Kerr, who’s volunteered with Gymnastics Canada as an athlete welfare officer for 30 years, said the problem is multifaceted. It’s difficult to find volunteers to perform a highly-specialized job. Some cases are incredibly time-consuming. And often, the job falls to an NSO staff member, “often times their own CEO,” she said.

“Which is just crazy, it’s a huge conflict of interest,” Kerr said.

She recounted a case in her early days with Gymnastics Canada where a coach was making sexually inappropriate comments to athletes.

“When I brought it forward to the sport organization, they said ‘Well, we’re not going to do anything about this coach, the Olympics are six months away, and he’s got half the Olympic team,’” Kerr said. “You can’t have people within the organization dealing with these cases. When you think about it, the CEO of any sport organization, their funding is dependent on Sport Canada’s funding, and what is Sport Canada’s funding based on? Performance of the athletes and the team.

“It’s a crazy system where the CEO’s job security is based on how well the athletes perform. It’s no wonder that cases like what we saw in USA Gymnastics happen.”

USA Gymnastics head Steve Penny was arrested last month on charges of evidence tampering in the case of Larry Nassar. Nassar is serving 40 to 175 years in Michigan for sexually abusing women and girls under the guise of medical treatment.

Canada has had its own high-profile cases. Marcel Aubut resigned as COC president in 2015 after an investigation over numerous sexual harassment complaints. In June, several former members of Canada’s ski team spoke publicly about the abuse suffered at the hands of former coach Bertrand Charest in the 1990s. Charest was convicted last year of 37 offences of sexual assault and exploitation. The athletes said they were instructed by Alpine Canada to keep quiet for fear of losing corporate sponsorships.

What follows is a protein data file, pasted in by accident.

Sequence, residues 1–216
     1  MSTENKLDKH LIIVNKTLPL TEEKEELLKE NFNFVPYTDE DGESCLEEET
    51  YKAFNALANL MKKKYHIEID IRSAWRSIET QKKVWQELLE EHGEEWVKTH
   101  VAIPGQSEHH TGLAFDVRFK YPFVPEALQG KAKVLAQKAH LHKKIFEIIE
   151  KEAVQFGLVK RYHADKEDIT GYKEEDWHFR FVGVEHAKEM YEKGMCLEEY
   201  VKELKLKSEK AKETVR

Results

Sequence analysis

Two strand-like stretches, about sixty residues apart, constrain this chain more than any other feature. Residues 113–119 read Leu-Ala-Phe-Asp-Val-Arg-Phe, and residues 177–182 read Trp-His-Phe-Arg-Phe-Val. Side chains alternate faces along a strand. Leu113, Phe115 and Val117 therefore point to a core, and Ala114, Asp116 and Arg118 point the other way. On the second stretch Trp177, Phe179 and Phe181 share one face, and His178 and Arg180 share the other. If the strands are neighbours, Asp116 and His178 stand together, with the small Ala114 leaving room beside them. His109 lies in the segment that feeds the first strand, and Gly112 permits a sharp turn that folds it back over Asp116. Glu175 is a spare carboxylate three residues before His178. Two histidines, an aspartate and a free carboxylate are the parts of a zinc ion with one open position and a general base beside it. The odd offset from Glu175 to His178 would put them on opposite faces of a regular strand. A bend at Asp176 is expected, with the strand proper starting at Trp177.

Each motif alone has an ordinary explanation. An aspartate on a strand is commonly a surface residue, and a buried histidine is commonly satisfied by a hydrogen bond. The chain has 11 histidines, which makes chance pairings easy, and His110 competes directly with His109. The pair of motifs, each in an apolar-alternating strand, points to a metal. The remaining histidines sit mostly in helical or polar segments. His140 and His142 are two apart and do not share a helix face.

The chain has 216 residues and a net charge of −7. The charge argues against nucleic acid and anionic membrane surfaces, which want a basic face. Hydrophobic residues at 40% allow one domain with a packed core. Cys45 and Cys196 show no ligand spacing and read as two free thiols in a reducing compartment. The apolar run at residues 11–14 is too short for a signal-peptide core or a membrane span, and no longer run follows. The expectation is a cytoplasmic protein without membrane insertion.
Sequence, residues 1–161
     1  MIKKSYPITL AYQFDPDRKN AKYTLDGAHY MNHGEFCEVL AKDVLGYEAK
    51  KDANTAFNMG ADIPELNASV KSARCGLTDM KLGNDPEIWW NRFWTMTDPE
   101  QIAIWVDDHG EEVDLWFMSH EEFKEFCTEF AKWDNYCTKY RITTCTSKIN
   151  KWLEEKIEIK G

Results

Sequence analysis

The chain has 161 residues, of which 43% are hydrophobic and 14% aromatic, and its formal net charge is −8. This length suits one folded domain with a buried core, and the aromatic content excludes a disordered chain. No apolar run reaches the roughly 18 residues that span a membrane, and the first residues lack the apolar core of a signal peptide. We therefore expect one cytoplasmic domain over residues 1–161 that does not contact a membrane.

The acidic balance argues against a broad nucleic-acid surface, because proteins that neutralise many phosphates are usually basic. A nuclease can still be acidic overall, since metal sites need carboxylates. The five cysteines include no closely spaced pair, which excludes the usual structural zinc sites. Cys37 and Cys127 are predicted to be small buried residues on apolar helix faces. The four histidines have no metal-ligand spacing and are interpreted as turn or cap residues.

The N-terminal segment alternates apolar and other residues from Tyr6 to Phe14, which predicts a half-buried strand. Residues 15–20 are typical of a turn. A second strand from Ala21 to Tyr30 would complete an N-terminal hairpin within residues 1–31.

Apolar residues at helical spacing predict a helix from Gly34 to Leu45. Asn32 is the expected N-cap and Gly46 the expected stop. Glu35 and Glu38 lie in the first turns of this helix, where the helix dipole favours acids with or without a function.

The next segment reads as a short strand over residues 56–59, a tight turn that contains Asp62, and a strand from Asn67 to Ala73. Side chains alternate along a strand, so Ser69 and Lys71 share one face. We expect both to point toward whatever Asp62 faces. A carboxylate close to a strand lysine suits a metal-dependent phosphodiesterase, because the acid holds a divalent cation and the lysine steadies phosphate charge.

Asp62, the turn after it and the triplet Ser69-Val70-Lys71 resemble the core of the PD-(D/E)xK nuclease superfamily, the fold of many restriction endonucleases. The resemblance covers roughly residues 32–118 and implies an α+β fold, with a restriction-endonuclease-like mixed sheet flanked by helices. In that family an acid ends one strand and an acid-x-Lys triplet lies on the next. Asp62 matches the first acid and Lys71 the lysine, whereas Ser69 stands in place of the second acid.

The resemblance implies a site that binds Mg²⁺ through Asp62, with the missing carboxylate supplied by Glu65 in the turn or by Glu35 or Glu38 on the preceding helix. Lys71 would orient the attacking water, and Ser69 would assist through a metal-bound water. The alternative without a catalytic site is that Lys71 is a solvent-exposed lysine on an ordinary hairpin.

Former Olympic sprinter Desai Williams was recently banned for life by Athletics Canada for violating the organization’s sexual harassment policy. The alleged conduct took place in 2010.

In a study conducted over 20 years ago by Canadian professor Sandy Kirby, 21.8 per cent of elite athletes reported having had sex with an authority figure in sports; 8.6 per cent reported they had raped by someone within their sport.

Paul Melia, the president and CEO of the Canadian Centre for Ethics in Sport, compares today’s sex abuse crisis to the doping climate in Canadian track and field in the late 1980s. Everyone knew it was going on. Few spoke up.

“We can look at Marcel Aubut and say: look at the reign of terror under his rule there, and the things that he did and said to women. People saw it. People saw it and turned a blind eye,” Melia said. “Why? Probably at the most basic level, because he was bringing a lot of money into the COC.”

“These kinds of conflicts of interest . . . make it impossible for sports to self-regulate around that issue, just like Dubin (Charles Dubin led Canada’s doping inquiry in the Ben Johnson fallout) found with respect to doping that those same sort of conflicts of interest were operating. So, we all knew Ben was doping, government officials, coaches, doctors, administrators, other athletes, but no one said anything. He was the fastest man in the world, it was fantastic. And, the belief was that everyone else was doing it anyways, so really we were just levelling the playing field. And so no one said anything.”

Melia would like the CCES, which runs Canada’s anti-doping program, to be Canada’s sex abuse watchdog. The CCES has put a proposal into Sport Canada to convene a committee of experts both within and outside sport such as police, child services, even the Catholic Church and Boy Scouts, to build one national safe-sport program.

“So, like the anti-doping program, one universal code with a set of rules, everyone in sport has to adopt and abide by, one set of definitions of what constitutes violations, and . . . most importantly, the victim has a place to come, an independent agency that they know will deal confidentially with their information, we’ll investigate it, we’ll assert a violation if the evidence is there, and we’ll defend their rights,” he said.